Sweeney Todd surprises audience
I've been saying since the first promotional clip for Sweeney Todd: The Demon Barber of Fleet Street came out, well actually the second since the first featured a tiny piece of singing, that the trailers and teasers have been misleading about the film for they featured no singing, no musical numbers.
Now we're hearing that a few audience members are actually leaving the cinema when the songs begin, and the reported comments would suggest that they've been fooled too.
There's been nothing really said about the fact that Sweeney Todd: The Demon Barber of Fleet Street is a musical in any of the material I've seen that is intended for the cinema going audience, particularly the teasers and trailers that are playing in the cinema.
Of course if you're reading about films on the Internet then you're more likely to know it is, and if you knew that there was a Sweeney Todd musical - and I didn't before investigating the film to write about it - then of course you could make the connection, after all a film with the same name would have to be a musical wouldn't it?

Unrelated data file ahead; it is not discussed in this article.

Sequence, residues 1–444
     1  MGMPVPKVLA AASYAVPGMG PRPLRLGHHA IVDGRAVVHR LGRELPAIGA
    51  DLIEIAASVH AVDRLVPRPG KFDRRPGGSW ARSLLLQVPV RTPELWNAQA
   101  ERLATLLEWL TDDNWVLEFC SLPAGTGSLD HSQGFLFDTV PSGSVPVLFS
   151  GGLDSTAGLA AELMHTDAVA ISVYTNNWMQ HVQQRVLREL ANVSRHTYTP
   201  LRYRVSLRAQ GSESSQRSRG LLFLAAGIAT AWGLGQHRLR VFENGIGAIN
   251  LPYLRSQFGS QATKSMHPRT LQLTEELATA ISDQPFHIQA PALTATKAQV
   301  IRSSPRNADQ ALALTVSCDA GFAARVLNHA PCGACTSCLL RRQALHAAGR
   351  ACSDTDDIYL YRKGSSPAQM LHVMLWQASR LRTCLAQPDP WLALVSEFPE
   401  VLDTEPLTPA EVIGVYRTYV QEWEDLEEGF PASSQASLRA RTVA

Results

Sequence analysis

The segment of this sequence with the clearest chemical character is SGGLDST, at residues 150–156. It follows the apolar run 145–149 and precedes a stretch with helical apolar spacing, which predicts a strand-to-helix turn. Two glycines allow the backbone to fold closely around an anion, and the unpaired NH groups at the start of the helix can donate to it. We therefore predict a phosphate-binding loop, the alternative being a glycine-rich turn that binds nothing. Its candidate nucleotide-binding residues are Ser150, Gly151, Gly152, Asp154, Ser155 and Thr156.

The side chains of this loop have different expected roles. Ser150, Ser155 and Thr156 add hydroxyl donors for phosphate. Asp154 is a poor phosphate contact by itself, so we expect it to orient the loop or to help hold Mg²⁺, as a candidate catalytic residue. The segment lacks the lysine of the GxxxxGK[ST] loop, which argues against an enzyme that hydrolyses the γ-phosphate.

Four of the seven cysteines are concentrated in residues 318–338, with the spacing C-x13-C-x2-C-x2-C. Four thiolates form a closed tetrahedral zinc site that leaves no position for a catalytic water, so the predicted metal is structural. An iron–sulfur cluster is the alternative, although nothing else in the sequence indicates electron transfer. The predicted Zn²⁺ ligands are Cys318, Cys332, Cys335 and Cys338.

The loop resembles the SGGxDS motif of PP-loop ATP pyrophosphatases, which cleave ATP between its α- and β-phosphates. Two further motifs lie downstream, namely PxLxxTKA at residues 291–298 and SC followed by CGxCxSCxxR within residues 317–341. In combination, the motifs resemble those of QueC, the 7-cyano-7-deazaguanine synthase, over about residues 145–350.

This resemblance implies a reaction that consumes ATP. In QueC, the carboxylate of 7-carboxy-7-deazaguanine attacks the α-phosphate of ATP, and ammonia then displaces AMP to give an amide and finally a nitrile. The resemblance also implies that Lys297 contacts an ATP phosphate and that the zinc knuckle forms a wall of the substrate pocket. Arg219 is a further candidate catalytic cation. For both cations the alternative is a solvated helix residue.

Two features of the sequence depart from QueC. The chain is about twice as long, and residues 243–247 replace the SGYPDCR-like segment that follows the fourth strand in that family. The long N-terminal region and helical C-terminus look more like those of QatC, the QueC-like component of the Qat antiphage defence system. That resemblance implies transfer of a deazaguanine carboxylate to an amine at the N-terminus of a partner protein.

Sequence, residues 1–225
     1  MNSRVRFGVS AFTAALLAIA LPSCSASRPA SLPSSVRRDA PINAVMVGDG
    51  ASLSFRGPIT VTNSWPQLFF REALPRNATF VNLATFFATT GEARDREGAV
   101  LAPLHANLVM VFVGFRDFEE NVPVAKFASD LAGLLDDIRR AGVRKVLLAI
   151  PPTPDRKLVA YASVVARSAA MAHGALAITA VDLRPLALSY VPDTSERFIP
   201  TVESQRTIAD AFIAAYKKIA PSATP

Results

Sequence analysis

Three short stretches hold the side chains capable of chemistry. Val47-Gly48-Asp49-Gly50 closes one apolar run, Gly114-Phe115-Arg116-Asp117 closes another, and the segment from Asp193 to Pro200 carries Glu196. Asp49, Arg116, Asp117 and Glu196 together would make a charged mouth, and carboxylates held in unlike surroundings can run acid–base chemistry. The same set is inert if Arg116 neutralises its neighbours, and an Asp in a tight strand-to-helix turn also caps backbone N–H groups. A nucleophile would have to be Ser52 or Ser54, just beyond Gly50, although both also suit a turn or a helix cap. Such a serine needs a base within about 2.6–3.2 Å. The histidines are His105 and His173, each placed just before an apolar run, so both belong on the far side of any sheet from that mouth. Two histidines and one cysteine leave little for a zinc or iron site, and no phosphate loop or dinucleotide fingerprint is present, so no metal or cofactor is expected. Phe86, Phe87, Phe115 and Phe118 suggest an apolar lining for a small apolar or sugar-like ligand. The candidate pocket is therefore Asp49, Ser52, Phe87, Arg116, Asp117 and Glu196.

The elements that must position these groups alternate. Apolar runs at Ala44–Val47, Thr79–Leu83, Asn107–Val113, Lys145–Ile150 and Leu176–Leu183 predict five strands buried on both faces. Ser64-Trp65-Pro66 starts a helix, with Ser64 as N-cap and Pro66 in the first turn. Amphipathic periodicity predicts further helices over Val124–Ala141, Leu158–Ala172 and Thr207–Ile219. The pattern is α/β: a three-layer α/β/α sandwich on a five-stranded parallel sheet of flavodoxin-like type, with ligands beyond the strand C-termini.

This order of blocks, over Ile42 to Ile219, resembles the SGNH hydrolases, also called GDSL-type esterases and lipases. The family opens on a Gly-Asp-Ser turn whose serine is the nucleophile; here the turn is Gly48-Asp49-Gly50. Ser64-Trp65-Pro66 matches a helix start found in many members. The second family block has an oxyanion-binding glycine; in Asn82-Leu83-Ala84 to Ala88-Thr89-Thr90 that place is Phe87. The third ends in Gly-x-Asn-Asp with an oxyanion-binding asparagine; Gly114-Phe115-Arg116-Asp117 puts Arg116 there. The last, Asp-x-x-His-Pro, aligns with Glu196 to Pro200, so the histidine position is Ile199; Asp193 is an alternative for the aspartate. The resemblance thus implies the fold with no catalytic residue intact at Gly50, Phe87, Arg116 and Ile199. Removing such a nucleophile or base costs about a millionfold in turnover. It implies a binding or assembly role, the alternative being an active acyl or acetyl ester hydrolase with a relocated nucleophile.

The main promotional item that the audience see is the trailer, and that's not shown anything about it being a musical, it looks just like a typical Tim Burton horror - and that's another issue for me.
So over at Hollywood Elsewhere Jeffrey Wells has pulled a few of his readers comments together:
"I attended the Friday 4:35 pm screening of Sweeney Todd at The Grove. A full house at the beginning, though numerous walk outs [happened] during first two songs. The film was not sold as a musical and I believe these people were Pirates fans who were caught off guard."
I'm not surprised. I think you'll see a lot of people who are, and if I hadn't been writing about films and reading many internet film sites multiple times a day, I would be relying on the trailer alone and I would be surprised to see a musical.
Under the Sale of Goods Act (Revised) in the UK I'd be quite entitled to my money back as the goods were not "sold as described".
It's one thing when a film disguises the fact that it's rubbish in a trailer, that's almost expected, but when it disguises what it actually is, that's another.